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Low-wage employers and the left both support more immigration

Supermacs owner Pat McDonagh is complaining that he needs to import low-paid workers from other parts of the EU, and has described Irish workers as being “a bit lazy” because of the availability of PUP payments.

Much of the prosperity of the lower levels of the Irish economy thrive on the availability of low-paid workers.

In fact, corporate tech seems to be following an employment policy based on the assumption that Irish graduates are a bit too thick to work with computers and all, while the beef and burger barons whinge about the minimum wage and how that living ten to a room doesn’t bother lads from Moldova.

The reason for McDonagh’s enthusiasm for non-Irish workers is that he claims Irish people are too pampered by the Covid payments that were introduced when the state closed down the “hospitality” sector and won’t work for as little as he would like to pay them.

He does not, however, appear to have any problem with paying for the accommodation of imported low-wage employees until they get settled in. Perhaps if he raised his wages a bit then he could save himself that expense? Or if he does have genuine part-time hours then open them up with an increased wage to students who used to do such jobs.

Supermac’s supposed generosity to his staff also did not prevent him docking money from the wages of those who were charged for their lunch, even if they chose not to avail of his haute cuisine and decided to take the healthier homemade bread and dripping option instead.

On the other hand, the far-left agree with his labour force displacement policies but think that Supermacs ought to be run as a multi-cultural non-binary Soviet.

While the low-wage argument is just nothing more than wanting to make a few more bob for some employers, the left continues to push mass immigration which of course allows wages here be undercut by importing cheap labour.

Their mad reasoning seems to be that if you destroy a society in the interests of all of this, then it will eventually lead to a Glorious Uprising of the Black and Brown and White and Indigenous Proletariat and the sort of unbridled happiness once known to the burger-noshing burghers of Bucharest.

When McDonagh initially launched his campaign against the Pandemic Unemployment Payment in May last year- comparing it to being like ‘winning the lotto’ for some people – it was noteworthy that he was particularly intent on trying to persuade the state to not make payments to part-time staff. Are part-timers then in a position where they take up more shifts without having to give them proper full-time contracts?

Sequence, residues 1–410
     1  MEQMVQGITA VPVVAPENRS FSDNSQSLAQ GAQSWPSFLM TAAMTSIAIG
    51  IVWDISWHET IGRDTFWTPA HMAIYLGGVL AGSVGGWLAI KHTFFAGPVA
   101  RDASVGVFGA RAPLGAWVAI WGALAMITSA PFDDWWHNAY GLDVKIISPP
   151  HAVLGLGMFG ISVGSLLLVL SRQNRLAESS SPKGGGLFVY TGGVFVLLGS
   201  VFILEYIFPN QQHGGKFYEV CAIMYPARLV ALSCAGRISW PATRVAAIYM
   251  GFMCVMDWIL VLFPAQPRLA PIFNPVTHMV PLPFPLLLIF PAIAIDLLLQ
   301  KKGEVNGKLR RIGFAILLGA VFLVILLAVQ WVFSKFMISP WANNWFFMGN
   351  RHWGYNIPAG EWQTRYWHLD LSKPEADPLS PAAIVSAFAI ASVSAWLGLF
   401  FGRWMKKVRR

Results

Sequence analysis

Which is all very well and good, except that companies such as Supermacs are the very ones who have created the sort of economy where many people are working in jobs in sectors such as fast food, cleaning, bars and so on where they are permanently part-time through no fault of their own.

They often find themselves in situations where they may not know from one day to the next what days they are working in one week, nor indeed how many hours they will be working. This, of course, greatly impacts on people’s ability to meet day to day living expenses, not to mention having a proper family life. The only reason many such employers favour these conditions is that it saves them from the marginal expenses which they would incur if what are, in reality, full time jobs were recognised as such contractually.

I was discussing recently with Peter Ryan the failure of the revolutionary Dáil to create the basis for a viable, independent economy. One of the symbols of this was that when Dáil Éireann launched a bond in order to finance the development of the Republic that the overwhelming number of subscribers to it and the Sinn Féin Bank were people with modest incomes and Irish Americans.

Those with money in the Irish banks – and they included not only those whose politics were unionist – almost to a man refused to have anything to do with this. After the Free State was established, following the Treaty that was signed this month a century ago, they continued what basically amounted to a capital strike even against limited independence.

And for all of their public piety, the Irish bourgeoisie looked with scorn upon the Catholic social teaching that had formed the basis of the economic and political philosophy of the majority of the leaders of the revolution – and which was hugely popular among most Irish Catholics.

This was based on the Papal encyclical of Leo XIII which rejected state socialism, but also the amorality of capitalism whose only value was profit. In Rerum Novarum, Leo referred to how the unbridled “free market” had led to a situation “where working men have been surrendered, isolated and helpless, to the hardheartedness of employers and the greed of unchecked competition.”

Kevin Boland, the former Fianna Fáil minister, who spent much of his life as a nationalist dissident, once wrote that the patriotism of the Irish bourgeoisie seldom went beyond wanting to breed the winner of the Epsom Derby or the Cheltenham Gold Cup.

Their sights, if one were to judge by the Burger and Meat Factory Bosses, have if anything since been lowered. And the left are too busy with woke issues to really give much time to the plight of low-paid workers.

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